The physiological role of the inducible telomerase activity is still undetermined. Recent reports showed the expression of telomerase activity in hematopoietic precursor cells, especially in self-renewal stem cells of CD34+/lineage marker negative cell population.11 This evidence suggests that telomerase activity in normal hematopoietic cells is involved in the specific function to maintain the homeostasis of hematopoietic dynamics. Inducible telomerase activity in lymphocytes was observed in all healthy individuals tested from the age of 21 to 94 years old (data not shown). It might be one of the molecules that are upregulated by the signals through the antigen receptor-mediated activation of lymphocytes and do not have any specific function. We compared the levels of inducible telomerase activity in B cells of the tonsils and the PBLs. The purified B cells from both tissues showed inducible telomerase activity, suggesting that it appears in B cells at most developmental stages. The activity is always induced by the stimulation of BCR and CD40 molecules on B cells. Silvy et al30 suggested that anti-BCR and anti-CD40 Abs synergize for the growth of CD38 B cells while suppressing their capacity to differentiate along the plasmacytoid pathway and cause the clonal expansion of the memory pool. Once telomerase activity is induced in lymphocytes, it will elongate several hundred base pairs at the telomeres, which are probably sufficient lengths for the proliferation and expansion of B-cell clones.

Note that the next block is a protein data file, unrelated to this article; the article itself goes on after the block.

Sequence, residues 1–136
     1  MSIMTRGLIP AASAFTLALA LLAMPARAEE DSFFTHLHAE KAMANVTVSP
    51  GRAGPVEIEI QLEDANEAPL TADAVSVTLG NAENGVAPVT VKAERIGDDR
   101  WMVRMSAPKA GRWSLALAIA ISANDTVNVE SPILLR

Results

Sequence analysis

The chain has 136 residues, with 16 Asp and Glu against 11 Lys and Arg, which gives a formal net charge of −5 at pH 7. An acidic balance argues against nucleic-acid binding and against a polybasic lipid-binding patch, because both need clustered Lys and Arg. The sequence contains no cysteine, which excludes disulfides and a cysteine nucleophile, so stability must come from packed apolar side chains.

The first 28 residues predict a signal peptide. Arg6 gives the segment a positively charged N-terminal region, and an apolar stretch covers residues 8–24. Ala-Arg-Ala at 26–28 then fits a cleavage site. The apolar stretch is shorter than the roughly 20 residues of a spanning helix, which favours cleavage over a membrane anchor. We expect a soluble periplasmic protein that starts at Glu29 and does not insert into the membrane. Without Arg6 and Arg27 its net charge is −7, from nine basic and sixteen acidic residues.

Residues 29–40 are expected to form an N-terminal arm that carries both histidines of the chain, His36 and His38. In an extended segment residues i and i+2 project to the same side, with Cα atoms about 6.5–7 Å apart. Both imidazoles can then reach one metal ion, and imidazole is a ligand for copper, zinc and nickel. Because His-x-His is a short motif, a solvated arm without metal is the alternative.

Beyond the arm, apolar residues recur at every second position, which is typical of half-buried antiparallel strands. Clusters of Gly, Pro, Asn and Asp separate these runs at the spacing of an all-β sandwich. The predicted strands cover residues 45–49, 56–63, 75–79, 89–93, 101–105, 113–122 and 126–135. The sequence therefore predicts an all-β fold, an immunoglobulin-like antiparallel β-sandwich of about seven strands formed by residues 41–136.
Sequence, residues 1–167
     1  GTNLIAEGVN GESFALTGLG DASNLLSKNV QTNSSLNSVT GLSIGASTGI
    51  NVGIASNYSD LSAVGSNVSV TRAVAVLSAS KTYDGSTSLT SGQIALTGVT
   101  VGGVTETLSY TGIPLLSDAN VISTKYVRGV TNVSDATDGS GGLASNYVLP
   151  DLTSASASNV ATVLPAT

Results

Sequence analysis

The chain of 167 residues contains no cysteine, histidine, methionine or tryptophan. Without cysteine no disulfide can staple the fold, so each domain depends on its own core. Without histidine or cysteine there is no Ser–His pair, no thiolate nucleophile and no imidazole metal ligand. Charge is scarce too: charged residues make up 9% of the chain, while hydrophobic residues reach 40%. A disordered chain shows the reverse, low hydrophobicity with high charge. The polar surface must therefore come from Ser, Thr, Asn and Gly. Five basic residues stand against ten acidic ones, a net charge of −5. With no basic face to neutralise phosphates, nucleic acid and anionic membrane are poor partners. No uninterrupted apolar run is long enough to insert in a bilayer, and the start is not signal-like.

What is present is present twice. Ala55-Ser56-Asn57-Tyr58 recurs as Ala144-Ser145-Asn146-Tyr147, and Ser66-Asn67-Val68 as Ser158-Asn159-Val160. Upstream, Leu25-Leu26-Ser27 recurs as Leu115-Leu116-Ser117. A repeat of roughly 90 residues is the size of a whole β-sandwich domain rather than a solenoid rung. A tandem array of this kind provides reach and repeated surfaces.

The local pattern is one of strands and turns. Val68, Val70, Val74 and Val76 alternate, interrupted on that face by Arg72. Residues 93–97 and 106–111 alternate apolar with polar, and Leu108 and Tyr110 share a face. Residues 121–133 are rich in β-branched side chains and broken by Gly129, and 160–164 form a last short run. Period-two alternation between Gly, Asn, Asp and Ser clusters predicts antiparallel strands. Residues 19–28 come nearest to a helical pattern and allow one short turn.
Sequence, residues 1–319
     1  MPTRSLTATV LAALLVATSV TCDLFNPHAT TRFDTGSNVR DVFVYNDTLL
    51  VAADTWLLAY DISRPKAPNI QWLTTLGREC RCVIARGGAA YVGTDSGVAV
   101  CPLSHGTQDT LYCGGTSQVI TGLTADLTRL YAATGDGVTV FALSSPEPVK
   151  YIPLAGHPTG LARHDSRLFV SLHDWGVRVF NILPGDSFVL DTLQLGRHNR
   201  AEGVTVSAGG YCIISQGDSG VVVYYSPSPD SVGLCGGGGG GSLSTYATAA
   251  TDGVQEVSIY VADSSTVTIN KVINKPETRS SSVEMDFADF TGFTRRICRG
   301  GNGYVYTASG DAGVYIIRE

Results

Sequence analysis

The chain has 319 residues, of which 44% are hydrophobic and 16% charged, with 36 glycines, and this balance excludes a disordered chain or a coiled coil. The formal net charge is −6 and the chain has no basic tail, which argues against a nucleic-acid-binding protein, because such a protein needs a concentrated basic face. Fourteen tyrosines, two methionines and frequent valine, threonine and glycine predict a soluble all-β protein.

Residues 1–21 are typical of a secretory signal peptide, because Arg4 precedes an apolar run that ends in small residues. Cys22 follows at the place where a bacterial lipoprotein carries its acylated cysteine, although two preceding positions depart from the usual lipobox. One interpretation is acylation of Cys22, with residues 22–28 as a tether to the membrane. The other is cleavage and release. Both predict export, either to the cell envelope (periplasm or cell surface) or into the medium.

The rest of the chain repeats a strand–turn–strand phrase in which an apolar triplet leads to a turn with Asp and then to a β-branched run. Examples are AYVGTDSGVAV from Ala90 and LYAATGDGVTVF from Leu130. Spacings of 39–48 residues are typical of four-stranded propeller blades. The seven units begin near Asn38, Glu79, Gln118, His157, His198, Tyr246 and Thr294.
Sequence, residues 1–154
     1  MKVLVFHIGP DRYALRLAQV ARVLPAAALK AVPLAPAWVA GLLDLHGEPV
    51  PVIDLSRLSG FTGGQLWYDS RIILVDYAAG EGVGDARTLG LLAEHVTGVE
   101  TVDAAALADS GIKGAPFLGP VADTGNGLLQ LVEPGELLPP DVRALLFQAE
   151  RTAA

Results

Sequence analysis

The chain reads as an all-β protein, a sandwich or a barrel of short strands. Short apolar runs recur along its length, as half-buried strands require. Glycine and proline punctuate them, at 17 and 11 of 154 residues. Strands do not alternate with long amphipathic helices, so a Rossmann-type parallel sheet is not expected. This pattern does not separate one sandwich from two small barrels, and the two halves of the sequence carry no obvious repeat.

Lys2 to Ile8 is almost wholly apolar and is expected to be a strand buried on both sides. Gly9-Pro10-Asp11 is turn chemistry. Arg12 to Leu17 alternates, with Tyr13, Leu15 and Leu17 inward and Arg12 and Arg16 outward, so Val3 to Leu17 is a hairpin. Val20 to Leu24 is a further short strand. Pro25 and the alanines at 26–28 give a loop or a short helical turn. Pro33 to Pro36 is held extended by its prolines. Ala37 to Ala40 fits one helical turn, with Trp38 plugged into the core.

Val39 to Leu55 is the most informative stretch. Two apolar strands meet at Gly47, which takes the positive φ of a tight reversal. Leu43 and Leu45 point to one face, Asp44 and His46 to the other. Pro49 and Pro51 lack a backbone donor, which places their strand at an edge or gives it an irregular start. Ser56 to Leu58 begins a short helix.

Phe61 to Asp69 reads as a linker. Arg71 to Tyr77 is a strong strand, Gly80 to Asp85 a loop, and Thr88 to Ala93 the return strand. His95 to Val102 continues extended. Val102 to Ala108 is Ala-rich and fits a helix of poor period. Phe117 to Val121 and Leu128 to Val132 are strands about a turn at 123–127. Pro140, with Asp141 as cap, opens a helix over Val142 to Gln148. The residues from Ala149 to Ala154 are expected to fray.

It has been shown that pathways leading to both PKC activation and elevation of intracellular Ca2+ are critical for BCR-mediated G0 to G1 transition. Anti-BCR–induced signaling is bypassed by direct facilitating protein kinase C activation and Ca2+ mobilization using PDB and Ca ionophore in the majority of resting B cells, resulting in the transition into the G1 in the absence of additional signaling from accessory cells or cytokines.31 PDB/Ca induced the proliferation and telomerase activity of both B and T cells, which may suggest that BCR and TCR transmit the similar signals for the induction of telomerase activity. However, there is a peculiar difference in the sensitivity to PI3-kinase inhibitor Wortmannin between T and B cells.

Wortmannin treatment inhibited the induction of the proliferation and telomerase activity of B cells. Telomerase induction through BCR is sensitive to Wortmannin, although the induction through TCR is not. This difference could be explained by two kinds of models for the signal transduction pathways of telomerase induction in lymphocytes. One is that telomerase activity might be induced through two distinct signal transduction pathways of PI-3 kinase-dependent and -independent. In B cells, both types of pathways may transmit the signals leading to telomerase activity, as well as cell growth in vitro. PDB stimulation would cause the extensive activation of multiple PKC molecules32 including the BCR-associated and nonassociated PKCs, which probably induce telomerase activity in B cells. By stimulation with natural ligands or the Abs that trigger on the specific cell surface molecules, B cells express the telomerase activity through PI-3 kinase-dependent manner. The other possibility is that a specified PKC, whose activation is dependent on the upstream PI-3 kinase activity,33-35 might be involved in telomerase induction in B cells. Upstream regulation of novel PKC molecules such as PKCδ, ε, or η by the phosphatidylinositol-3, 4, 5-triphosphate (PIP3 ) produced with PI-3 kinase is reported both in vitro and in vivo. Among the members of PKCs, PKCε is the most sensitive to the second messenger, PIP3 , which is produced by PI-3 kinase activity.35 The PI-3 kinase inhibitor Wortmannin would block the PI-3 kinase-induced PKCε activation by anti-IgM and anti-CD40 stimulation, but would not block the induction by phorbol esters, which bypass PI-3 kinase.36 37